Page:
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@mdarcemont

In praise of an old browser game (Kraland Interactif)

At the edge of the French internet, at the address http://www.kraland.org, there is a website whose design hasn’t changed very much in twenty years.

Kraland - Home page

There is a vertical menu on the left and a horizontal one on top. A plentiful dropdown list appears when the cursor hovers one of its headers. On the right, we find a minichat controlled by an automatic bot that has been developed something like fifteen years before the chatbot trend. There is also a form to log in, using a username and a password. Mine is just five characters long and would put all my other long and excessively complex auto-generated passwords to shame. I never changed it, because there is nothing to see and nothing to steal, there are only memories left.

The top link “Forum” redirects to a home-made forum divided into many categories, some being quite unusual. The “Culture” section made me a cinephile, but the “Politique & Société” one failed to make me a Marxist-Leninist. 99.999% of the discussions are gone forever. In 2005, database storage was expensive and running queries was too, a free website could not afford this. A system to delete all the posts and topics older than a few months has been developed to remediate to this. It has never been deactivated.

www.archive.org gives a good impression of what the website looked like before. But as an ancient excavated ruin, only the structure remains. The content, the images : gone too. Forum links don’t redirect to the actual topics to rather redirect to the current website 404 page instead. As many of Web 2.0 websites with dynamic content, www.archive.org fail to return a comprehensive snapshot of the website in its entirety.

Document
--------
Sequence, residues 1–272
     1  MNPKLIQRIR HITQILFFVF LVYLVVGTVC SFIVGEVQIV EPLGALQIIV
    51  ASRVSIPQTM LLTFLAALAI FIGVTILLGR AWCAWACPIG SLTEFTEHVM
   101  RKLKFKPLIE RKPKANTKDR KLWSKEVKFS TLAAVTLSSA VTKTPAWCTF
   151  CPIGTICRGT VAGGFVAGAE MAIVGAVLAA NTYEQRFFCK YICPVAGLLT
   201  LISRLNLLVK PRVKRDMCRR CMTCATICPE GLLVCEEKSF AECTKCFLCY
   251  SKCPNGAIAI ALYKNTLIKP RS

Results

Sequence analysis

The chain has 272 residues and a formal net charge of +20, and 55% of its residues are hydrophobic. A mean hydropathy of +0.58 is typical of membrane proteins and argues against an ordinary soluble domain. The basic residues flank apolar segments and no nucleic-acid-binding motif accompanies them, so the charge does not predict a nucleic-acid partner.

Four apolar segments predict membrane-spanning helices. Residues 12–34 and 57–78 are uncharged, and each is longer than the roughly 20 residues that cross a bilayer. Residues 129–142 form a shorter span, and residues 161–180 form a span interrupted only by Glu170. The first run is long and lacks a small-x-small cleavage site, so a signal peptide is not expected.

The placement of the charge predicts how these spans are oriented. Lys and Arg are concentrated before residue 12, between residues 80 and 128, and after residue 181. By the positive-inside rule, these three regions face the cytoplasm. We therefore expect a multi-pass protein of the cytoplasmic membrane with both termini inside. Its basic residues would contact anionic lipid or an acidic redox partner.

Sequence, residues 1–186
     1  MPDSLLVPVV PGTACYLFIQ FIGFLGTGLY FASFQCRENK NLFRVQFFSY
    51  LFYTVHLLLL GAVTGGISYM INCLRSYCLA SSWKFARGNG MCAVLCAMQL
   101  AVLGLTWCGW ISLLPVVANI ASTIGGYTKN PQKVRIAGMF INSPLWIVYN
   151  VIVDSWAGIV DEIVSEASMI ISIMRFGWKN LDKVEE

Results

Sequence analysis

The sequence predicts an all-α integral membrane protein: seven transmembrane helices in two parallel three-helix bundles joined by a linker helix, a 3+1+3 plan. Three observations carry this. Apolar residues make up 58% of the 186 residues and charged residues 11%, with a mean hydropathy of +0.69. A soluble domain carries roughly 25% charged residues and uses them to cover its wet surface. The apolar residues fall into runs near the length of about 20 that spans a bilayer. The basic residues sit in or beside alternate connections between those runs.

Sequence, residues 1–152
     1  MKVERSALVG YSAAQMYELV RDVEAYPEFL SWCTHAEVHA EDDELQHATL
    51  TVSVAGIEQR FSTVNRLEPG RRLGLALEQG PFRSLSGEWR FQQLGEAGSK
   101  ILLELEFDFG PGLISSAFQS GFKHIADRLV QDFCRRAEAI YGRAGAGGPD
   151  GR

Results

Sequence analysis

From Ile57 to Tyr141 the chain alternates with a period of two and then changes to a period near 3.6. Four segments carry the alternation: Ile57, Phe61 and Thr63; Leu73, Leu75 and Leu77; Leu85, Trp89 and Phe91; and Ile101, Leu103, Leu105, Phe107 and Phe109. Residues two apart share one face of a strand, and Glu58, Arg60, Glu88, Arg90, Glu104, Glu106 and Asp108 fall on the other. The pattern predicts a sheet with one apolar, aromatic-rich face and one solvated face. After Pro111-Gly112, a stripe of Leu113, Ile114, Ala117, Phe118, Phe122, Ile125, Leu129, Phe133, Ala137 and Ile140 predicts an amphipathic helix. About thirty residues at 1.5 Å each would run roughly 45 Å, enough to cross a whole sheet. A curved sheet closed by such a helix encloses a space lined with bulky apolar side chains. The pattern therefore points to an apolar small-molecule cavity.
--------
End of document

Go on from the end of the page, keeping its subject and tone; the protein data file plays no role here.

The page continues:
It seems that we have accepted that whole years of content, that produced on all these websites developed and disappeared between the appearance and the end of web 2.0 and the static sites and the advent of centralized platforms such as Facebook (although the content is no longer permanent there either). Today, most of the nostalgia expressed about the “old web” is about all these amateur 1.0 websites Geocities-like and not about the 2.0 websites and forums which however were for a whole generation the first contact with the Internet, and even for the previous generation, the first active contact with the Internet, because it was now possible to produce content and share it with others without any computer knowledge.

I wonder if it’s for purely aesthetic reasons : in the same way we’re more nostalgic for cute 2D video game graphics than for the bleak and clunky first 3D games, we prefer these colorful and kitsch personal websites, perhaps because they give us the image of a comfortable and cozy past in which we want to abandon ourselves while listening vaporwave music. I don’t think there is anything substantial in regretting these websites whose content was often interesting, and wrong sometimes. Wikipedia does a far better job of explaining to you the history of Pixies than SurferRosa1969 that just copied articles from the Rolling Stones magazine on his website. If you don’t believe me, go search www.archive.org, and you’ll probably find a full snapshot of his website in 1997.

But the maleficent incantations of the Empress Pazuzu Pesta or the eloquent speeches of Prime Minister Fidel which brightened up my teenage years on kraland.org are gone. Forever. Like, probably, their counterparts on the similar websites you were consulting at the time.

I have many memories of the years I’ve played Kraland Interactif, kraland.org’s main component (alongside a mini-game inspired by Civilization, political forums, etc.). I met there some of my very best friends. But instead of telling you my old memories like a nostalgic grandpa, let me rather tell you the game sequence that I remember the most today.